Podengo Central

Podengo Central

A place for Podengo owners and fanciers to share information and research the breed in a topical manner. Supported by the APPMGC & APPPC


    Legg-Calve-Perthes Disease

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    Join date : 2009-08-08

    Legg-Calve-Perthes Disease

    Post  Admin on Sun Aug 09, 2009 10:18 am

    Legg-Calve-Perthes Disease (LCP) is a disorder of hip joint conformation occurring in both humans and dogs. In dogs, it is most often seen in the miniature and toy breeds between the ages of 4 months to a year.

    As in several other small breeds, a few individual Portuguese Podengo Pequenos have been affected by Legg Calve Perthes disease. LCP can also be caused by INJURY in otherwise normal animals. Although these issues are being addressed by PP breeders, so few PPs are affected in the USA and very little data has been accumulated from breeders world-wide, therefore very little detail is currently available.


    X-rays will help determine the correct diagnosis. As changes to bone occur slowly, X-rays taken early in the course of the disease may appear normal. Repeating the X-rays in 3 to 4 weeks will reveal the bony changes. A dog affected with LPD suffers a loss of blood supply to an area of the femur (thigh bone) known as the neck. Because the bone loses its blood supply, it dies. As a result of the loss of bone tissue, the neck of the femur collapses. The neck attaches the head of the femur to the body of the femur. When the neck collapses, the head of the femur is moved, and may also become deformed.
    These changes are readily apparent in X-rays. The head of the femur is the "ball" which sits in the "socket" on the pelvis, making up the hip joint. Therefore, changes to the head result in disruption of function of the hip joint which causes the pain and lameness.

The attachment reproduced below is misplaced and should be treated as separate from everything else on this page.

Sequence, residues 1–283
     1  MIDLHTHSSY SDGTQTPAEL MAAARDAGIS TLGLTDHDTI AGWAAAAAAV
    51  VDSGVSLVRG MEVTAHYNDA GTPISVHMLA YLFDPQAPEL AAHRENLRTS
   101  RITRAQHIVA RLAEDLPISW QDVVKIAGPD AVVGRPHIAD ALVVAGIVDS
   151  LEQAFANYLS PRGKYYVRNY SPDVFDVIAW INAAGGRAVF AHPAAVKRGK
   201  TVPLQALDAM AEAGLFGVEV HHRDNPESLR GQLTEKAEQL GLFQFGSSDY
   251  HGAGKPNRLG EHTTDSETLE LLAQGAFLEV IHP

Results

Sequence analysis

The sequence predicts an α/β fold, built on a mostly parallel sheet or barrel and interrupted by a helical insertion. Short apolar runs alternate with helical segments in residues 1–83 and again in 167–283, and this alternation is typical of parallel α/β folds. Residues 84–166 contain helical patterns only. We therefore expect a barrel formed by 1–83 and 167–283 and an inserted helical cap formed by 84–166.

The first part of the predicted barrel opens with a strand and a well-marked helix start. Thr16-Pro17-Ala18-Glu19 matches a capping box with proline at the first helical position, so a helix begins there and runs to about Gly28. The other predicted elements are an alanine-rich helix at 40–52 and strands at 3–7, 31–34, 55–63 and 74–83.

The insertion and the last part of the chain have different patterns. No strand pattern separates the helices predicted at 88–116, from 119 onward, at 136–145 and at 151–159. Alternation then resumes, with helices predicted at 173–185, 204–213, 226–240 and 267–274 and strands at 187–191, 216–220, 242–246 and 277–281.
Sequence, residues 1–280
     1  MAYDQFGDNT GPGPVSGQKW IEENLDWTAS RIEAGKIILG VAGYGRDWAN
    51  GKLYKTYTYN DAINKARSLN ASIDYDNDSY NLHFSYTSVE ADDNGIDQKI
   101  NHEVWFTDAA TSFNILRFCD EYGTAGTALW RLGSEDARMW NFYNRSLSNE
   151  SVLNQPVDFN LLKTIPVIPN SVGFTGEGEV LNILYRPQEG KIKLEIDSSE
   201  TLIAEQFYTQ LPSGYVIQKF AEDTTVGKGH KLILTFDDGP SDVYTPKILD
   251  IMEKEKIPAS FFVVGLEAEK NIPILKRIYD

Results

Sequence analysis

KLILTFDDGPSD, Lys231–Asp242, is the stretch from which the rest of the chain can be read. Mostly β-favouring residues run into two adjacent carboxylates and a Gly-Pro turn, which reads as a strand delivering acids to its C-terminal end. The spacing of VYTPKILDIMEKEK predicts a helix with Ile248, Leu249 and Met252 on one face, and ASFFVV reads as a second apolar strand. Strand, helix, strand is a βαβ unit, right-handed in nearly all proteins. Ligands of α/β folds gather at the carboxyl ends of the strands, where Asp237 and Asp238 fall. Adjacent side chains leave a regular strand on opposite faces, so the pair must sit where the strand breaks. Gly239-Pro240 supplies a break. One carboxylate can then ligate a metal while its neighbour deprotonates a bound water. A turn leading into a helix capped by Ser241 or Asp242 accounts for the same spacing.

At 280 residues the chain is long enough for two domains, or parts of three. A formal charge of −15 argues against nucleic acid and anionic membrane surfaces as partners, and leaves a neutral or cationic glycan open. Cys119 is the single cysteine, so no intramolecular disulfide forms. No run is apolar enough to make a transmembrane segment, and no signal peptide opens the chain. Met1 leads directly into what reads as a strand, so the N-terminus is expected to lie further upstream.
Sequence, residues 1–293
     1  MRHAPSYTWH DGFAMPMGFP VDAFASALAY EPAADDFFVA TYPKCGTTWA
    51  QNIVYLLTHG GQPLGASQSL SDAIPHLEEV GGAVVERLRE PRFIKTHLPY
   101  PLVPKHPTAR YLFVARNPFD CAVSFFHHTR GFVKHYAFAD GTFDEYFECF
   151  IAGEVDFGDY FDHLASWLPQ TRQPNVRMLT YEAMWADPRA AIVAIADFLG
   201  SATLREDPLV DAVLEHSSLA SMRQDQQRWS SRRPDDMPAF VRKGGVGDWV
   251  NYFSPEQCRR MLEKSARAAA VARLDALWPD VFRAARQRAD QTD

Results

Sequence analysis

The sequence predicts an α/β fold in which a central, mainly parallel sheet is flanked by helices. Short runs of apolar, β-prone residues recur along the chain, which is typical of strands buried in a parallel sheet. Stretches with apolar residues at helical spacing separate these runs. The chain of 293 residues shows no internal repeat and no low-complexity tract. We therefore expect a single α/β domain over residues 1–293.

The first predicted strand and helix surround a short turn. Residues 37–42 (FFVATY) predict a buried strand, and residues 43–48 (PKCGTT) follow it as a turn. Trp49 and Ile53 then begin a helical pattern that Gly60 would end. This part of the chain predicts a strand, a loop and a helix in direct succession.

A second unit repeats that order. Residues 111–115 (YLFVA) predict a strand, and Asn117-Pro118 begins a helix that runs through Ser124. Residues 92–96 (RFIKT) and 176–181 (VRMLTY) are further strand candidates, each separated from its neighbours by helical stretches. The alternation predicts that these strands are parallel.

The term "avascular necrosis" means death of tissue due to lack of blood supply. In most dogs, only one hip is affected, and males and females are equally affected. Why this loss of blood supply to the area occurs is not known. What is known however, is the genetic nature of the condition. The exact mode of inheritance of LPD has been debated among researchers.
    Treatment of LPD usually consists of surgery to remove the damaged femoral head and neck (femoral head ostectomy). Mildly affected animals may recover soundness with only cage rest. Affected animals will probably always have some gait abnormalities, but make satisfactory pets after recovering from surgery.
    LCP is believed to be an inherited disease, although the mode of inheritance is not known.


    Last edited by Admin on Sun Aug 09, 2009 7:29 pm; edited 1 time in total (Reason for editing : update)

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